Intro: Teenage Mutant Ninja Turtle Costume
This past year, my son went to a birthday party where the birthday boy got a Ninja Turtle shell as a gift. My son loved it, and wanted one! I knew I had the materials at home, and the ability to make a shell for my son that looked as good, if not better than the store bought version. What I'm not good at is staying simple. What started out as a quick turtle shell build, turned into a full costume complete with weapons!
What I used to make this costume:
EVA foam floor mats
2 Part Epoxy Adhesive
Air Brush Paint
Fine Grit Sanding Sponge
Step 1: Basic Shapes
From my youth to the present, the Ninja Turtles have had several come backs. Throughout this time, they have had slight, to major appearance changes. This gave me the ability to choose from many different looks and use what I liked.
The material used throughout this costume build, is EVA foam. You probably already know what this is, because it's the go to material right now for DIY costuming. For those who do not know, it is the same foam used to make floor mats, the thin sheets of craft foam you can buy from craft stores, and is available in many different thicknesses, and colors.
To start this costume, I had my son lay down on one of the EVA mats, and used a sharpie to mark how tall, and wide the shell would need to be to fit his body. I then marked off a square grid within these measurements, and rounded out one of the corners. Using a box cutter, I cut off this corner and used it as a template to mark the rest of the corners to give the shell piece symmetry. After the shell piece was all cut out, I used reference images, and marked the shells detail lines with a sharpie.
The chest piece was done similarly to the shell. I put what would become the chest piece of foam up to my son, and marked how long and wide to make it. A grid was made, then I marked the pectoral and abdominal lines where I thought they should be. This piece was cut out with a box cutter.
Side note: A band saw will cut EVA foam quicker and cleaner than a box cutter. I don't have quick access to a band saw, so most of the time, which was the case with all of the cuts made in this project, I used a box cutter.
Step 2: Shaping and Detailing the Shell
The next steps involved are what makes using EVA foam fun for me.
I started with the shell. All of the details I drew in with the sharpie got cut with my box cutter. Not all the way through the foam, just 1/16" to 1/8" deep. It can be more or less, depending on how you want the end result to look. Next, I used my heat gun to heat up the entire shell piece, for two reasons: First, it caused the detail cuts to open and separate, and made them stand out. Secondly, to shape the piece of foam to a shell/bowl. The hotter the foam gets, the more pliable it becomes. When it cools, it stays the shape given to it. This foam can be shaped over again if the first result isn't what you were going for. Just don't get it too hot and burn it. Also, it's wise to wear protective gloves to prevent burning your own precious skin!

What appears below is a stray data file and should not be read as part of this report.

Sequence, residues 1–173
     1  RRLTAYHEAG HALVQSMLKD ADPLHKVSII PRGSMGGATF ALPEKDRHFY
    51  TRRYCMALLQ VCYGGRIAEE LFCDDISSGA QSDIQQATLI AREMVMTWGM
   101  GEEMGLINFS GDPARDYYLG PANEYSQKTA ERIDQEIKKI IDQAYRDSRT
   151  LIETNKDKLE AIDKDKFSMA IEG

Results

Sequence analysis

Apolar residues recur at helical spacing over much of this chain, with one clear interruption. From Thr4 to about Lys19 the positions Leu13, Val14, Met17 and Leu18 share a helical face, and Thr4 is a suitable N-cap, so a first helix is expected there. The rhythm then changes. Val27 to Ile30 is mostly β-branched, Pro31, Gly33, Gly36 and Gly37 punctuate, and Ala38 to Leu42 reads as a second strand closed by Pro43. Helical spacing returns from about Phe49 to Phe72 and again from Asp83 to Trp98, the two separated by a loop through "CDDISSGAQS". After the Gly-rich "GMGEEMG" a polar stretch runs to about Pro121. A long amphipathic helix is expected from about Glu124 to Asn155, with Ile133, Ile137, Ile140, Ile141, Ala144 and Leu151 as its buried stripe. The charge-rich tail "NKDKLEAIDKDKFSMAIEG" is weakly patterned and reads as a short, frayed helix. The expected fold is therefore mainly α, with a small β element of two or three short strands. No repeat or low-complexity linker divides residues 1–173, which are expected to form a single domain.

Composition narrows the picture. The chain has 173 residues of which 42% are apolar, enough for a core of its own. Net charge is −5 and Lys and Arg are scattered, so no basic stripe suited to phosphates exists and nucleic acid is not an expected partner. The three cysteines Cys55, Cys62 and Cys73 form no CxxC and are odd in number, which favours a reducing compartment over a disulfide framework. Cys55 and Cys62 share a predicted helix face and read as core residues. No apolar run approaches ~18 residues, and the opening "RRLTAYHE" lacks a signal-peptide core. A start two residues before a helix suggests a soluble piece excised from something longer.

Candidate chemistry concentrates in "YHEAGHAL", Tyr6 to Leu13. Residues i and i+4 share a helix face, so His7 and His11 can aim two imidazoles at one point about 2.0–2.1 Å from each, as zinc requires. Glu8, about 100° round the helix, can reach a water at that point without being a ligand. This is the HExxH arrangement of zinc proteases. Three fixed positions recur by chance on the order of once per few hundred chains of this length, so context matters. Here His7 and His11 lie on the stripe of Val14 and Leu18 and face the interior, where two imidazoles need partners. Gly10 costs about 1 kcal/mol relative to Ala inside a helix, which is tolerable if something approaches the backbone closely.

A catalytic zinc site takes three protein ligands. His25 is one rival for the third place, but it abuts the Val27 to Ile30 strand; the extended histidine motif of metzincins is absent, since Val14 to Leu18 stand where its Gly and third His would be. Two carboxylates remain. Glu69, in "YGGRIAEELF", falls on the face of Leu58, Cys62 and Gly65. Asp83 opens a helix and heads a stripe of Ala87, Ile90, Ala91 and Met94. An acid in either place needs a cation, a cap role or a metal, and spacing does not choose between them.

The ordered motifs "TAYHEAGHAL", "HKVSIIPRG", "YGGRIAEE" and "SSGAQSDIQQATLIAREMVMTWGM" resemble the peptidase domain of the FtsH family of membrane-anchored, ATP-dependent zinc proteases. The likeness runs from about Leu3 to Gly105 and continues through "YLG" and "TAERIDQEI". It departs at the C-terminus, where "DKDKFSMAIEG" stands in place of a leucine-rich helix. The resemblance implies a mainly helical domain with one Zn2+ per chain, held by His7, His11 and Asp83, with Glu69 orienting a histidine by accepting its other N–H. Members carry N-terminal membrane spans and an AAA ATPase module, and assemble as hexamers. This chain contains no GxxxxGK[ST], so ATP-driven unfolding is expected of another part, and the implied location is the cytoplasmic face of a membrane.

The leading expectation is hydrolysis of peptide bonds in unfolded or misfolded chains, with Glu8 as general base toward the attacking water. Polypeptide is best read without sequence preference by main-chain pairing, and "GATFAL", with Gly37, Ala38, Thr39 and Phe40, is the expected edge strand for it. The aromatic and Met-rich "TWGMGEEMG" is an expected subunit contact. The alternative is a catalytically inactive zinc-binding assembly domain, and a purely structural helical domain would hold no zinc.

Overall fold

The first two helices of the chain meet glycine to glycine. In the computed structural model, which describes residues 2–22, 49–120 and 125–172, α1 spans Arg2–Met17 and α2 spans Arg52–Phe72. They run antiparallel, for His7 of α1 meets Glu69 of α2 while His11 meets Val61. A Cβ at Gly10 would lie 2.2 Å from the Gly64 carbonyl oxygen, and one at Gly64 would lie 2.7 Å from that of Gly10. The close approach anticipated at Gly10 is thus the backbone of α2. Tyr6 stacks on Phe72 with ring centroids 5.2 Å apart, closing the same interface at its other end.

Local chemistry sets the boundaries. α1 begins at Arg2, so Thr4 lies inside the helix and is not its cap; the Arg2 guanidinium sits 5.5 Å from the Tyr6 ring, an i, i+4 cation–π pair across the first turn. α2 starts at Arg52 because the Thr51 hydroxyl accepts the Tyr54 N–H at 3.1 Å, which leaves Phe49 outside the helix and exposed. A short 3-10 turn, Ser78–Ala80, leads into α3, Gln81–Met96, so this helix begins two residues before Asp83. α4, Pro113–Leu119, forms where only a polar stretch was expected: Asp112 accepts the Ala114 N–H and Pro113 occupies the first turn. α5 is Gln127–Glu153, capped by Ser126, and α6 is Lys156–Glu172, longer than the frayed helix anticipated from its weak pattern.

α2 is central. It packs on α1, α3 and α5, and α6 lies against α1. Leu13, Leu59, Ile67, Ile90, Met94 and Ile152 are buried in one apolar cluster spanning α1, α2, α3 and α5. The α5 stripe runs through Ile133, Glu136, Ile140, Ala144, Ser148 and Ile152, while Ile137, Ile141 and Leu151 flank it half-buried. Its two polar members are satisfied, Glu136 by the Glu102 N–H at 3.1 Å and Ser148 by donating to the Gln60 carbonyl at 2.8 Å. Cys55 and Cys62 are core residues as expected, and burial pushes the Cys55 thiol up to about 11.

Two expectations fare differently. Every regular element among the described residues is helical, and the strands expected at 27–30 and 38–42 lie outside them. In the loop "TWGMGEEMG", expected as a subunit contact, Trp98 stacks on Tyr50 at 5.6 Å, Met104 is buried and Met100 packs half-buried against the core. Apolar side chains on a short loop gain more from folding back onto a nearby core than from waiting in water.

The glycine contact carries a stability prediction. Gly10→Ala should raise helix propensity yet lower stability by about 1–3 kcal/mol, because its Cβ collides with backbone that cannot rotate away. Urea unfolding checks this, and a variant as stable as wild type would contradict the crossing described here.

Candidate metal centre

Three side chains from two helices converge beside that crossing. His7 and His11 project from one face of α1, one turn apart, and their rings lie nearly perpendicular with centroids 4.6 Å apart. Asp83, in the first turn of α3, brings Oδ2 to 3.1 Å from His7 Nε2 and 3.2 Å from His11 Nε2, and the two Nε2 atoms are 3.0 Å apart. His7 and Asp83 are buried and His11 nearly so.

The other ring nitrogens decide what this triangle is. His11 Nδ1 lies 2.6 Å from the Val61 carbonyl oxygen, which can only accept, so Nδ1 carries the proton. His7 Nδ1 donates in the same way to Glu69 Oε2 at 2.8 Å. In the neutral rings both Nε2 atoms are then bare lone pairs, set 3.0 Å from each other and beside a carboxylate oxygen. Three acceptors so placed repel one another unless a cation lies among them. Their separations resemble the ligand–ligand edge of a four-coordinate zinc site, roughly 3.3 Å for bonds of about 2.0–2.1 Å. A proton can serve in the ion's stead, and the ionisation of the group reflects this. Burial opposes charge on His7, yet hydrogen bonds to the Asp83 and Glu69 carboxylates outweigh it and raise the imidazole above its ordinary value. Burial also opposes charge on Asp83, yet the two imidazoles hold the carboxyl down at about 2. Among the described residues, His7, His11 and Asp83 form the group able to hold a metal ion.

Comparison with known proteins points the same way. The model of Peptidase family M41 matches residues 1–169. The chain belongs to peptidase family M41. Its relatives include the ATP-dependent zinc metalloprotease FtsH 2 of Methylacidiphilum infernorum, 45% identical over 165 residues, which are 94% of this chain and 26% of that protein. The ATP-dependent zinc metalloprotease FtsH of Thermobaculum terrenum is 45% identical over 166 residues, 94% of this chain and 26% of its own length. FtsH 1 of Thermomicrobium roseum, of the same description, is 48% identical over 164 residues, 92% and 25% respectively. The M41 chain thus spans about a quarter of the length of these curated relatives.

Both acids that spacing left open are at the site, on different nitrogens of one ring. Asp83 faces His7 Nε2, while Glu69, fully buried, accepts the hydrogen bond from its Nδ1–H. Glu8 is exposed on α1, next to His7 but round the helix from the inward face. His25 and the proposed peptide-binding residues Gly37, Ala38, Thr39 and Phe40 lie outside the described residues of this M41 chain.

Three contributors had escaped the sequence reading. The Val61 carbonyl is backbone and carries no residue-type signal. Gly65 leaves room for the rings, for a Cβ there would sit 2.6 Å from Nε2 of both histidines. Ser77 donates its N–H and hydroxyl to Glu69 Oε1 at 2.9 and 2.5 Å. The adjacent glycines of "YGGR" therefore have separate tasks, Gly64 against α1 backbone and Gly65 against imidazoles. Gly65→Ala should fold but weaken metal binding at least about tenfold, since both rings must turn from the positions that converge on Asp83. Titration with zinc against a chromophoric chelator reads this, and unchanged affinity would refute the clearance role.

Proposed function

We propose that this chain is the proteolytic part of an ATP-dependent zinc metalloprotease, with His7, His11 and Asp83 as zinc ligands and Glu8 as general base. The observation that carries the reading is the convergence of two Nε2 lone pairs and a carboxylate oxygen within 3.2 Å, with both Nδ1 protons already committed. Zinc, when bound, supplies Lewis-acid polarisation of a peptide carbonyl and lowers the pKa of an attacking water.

"Stress" crack details needed to be added next. First, using a Dremel with a sanding drum, I softened the hard edges of the detail cuts, being sure to make deeper, random gouges through out to create an organic look. I then made several cuts of varying lengths around each of the first detail lines that I cut in. These new cuts were given the same heat treatment as the first detail cuts. The reason I don't make all of the cuts at the same time is to get detail variation. As the new cuts open up from the heat, the first cuts I made are getting heat too, causing them to open up more than they were before.
To make the outside rim of the shell, I placed the shell piece onto a new piece of foam and traced around it. I had to do it in two halves because the foam sheets weren't big enough to make the rim from one piece. The two rim halves were cut out and adhered to the shell with contact cement. I used the same cut and heat detailing techniques as before, to make the stress cracks around the edges of the rim. I softened these edges too with the same Dremel technique, removing more foam from the outside edge of the rim, than the inside edge. The final step to the shell was closing up any gaps between the shell and rim, with caulk.
Step 3: Shaping and Detailing the Chest
The chest piece was far quicker to finish. The first thing I did was soften the edges with my Dremel. The pectoral and abdominal lines got the cut and heat treatment. I also cut out what would be the dip in the chest. This dip piece was adhered, with contact cement, back into the same spot, but 1/16" lower than the rest of the chest piece. The last thing I did was heat and shape the foam to the final look I wanted.
Step 4: Assembly
I moved too quick with excitement in this part of the build, and forgot to photo document most of it. I was hoping to make this costume without the need to open it, to get into it. It didn't work that way. But let me explain how I set it up first.
I doubled thin sheets of craft foam to make the sides, and shoulder straps. For the sides, I adhered the sheets of foam together with hot glue. This made a really nice looking organic texture. I used contact cement to adhere the foam together to make the shoulder straps.